The stunning results were worth the six-month wait. Most notable are the eight new Hayman Island Beach Villas, designed by architect Kerry Hill, who is known for designing buildings that merge organically with their environments. Each 1,300-square-foot villa is beachfront, with floor to ceiling glass looking out to unencumbered views of the Coral Sea and Whitsundays. Guests can relax as crystal clear water gently laps at the shore of a palm fringed white sand beach, or enjoy the villa’s private plunge infinity pool in an open air gallery with a day bed. The spacious accommodations also boast Balinese-inspired private terraces, outdoor rockery showers, gorgeous bathrooms with island baths and frameless glass showers and 42-inch plasma screen TVS.
Also available amongst the 244 guest accommodations are 11 one-, two- and three-bedroom penthouses, each with its own blend of antiques and objects d’art such as Louis XV1 lamps (the French Provincial Penthouse), or rare 19th-century pieces from North Africa inlaid with mother-of-pearl, ebony, ivory and silver (the Moroccan Penthouse).
Families can book Hayman pool suites or rooms and relax on private balconies while kids splash in the pool, or enjoy five tennis courts, two squash courts, a driving range and nine-hole putting green, windsurfing and paddle skiing, cooking classes, marine tours and fishing. From September to November, big game fishermen arrive via seaplane, helicopter, or high-speed catamaran in pursuit of Black Marlin.
The resort, the only one on the island, hugs a sandy beach on its southwestern side and opens to a thick national park forest of flora and fauna which, at its 850-foot peak, offers a challenging hike with views of the surrounding islands. Hayman is home to a thriving, translocated colony of endangered Proserpine Rock wallabies, which can be seen if you’re willing to get up early enough. And at dusk, a colony of flying foxes who hang from the trees like bats soars amongst the palms like a horror movie that you want to watch again and again.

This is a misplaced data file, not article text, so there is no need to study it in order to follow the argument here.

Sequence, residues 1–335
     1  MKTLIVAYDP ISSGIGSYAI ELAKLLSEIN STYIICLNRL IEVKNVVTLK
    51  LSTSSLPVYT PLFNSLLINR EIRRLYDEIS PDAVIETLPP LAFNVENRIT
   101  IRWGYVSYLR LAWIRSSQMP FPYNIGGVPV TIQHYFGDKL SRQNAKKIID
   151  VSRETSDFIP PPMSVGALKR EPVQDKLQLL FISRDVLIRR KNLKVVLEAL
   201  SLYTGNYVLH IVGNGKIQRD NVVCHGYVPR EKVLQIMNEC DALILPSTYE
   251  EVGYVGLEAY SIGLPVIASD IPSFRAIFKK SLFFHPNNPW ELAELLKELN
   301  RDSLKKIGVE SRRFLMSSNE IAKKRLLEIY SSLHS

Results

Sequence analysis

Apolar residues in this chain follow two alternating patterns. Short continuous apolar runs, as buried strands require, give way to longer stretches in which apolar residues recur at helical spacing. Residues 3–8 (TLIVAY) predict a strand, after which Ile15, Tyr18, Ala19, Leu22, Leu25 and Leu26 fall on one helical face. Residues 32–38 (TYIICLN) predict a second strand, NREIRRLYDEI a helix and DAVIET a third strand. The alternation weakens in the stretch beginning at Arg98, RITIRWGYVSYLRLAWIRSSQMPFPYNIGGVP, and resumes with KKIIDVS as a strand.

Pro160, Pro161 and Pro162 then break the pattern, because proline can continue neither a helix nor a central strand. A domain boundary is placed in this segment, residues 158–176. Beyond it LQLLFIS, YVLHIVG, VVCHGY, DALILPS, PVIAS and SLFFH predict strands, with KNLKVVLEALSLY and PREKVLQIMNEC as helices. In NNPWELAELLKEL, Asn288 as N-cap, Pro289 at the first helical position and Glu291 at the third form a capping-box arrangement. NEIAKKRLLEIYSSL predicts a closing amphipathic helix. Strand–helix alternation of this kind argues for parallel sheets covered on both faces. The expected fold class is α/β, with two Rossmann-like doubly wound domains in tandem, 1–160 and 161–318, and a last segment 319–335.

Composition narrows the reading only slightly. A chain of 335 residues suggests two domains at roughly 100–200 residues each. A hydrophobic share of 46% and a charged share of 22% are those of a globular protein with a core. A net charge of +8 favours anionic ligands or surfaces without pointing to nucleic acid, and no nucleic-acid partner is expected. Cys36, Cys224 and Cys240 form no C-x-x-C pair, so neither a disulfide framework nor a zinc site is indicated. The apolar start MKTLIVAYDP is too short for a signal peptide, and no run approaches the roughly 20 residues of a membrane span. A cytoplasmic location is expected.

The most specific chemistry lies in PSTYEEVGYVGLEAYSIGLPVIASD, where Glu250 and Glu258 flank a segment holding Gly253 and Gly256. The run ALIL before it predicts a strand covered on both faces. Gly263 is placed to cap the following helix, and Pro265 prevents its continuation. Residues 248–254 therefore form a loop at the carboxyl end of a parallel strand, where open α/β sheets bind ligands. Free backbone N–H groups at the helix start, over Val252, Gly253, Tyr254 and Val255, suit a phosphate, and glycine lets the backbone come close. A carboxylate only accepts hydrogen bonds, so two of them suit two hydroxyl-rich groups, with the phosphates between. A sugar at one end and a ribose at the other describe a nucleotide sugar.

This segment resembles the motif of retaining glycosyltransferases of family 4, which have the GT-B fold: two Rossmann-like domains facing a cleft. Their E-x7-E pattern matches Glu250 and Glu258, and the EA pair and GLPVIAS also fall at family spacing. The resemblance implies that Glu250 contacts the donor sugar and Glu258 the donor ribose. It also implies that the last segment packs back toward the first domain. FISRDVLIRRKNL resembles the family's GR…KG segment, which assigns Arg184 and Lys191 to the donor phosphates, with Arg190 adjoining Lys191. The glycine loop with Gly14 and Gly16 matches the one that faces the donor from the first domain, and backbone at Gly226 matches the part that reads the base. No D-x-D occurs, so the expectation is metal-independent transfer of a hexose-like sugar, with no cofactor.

After long hikes, there’s nothing better than a visit to Spa Hayman. The spa is world class, with an extensive menu as well as a chance to consult with wellness experts who will perform a holistic analysis to individually design a program fit for your immediate needs. From outdoor cabana massages to a couples Aromatic Cocoon to an in-room, exotic candlelit Balneotherapy bath, each treatment on Hayman’s spa menu indulges all the senses.
As do the varied dining options. The most sought after is The Hayman Signature Experience, a Chef’s Table hosted by Executive Chef Glenn Bacon or one of Hayman’s premier chefs. Guests are taken behind the scenes into the main kitchen for a chandelier-lit, six-course degustation menu with matching wines from the resort’s cellar and a visit after dinner to the Hayman Chocolate Room. In the best of ways, the breakfast buffet at the oceanfront Azure is overwhelmingly indulgent, while La Trattoria, famous for its antipasto displays, offers an authentic Italian dining experience in an al fresco outdoor and indoor setting. Hayman’s Oriental restaurant presents the best of Thai, Chinese, Japanese, and Indian cuisine with a separate vegetarian menu, all prepared with innovative contemporary flare in the resort's water garden. The Hayman Pool Bar is perfect for lunch or cocktails by the pool, while the Club Lounge is where you’ll want to order a night cap and play a round of billiards after a day in the sun.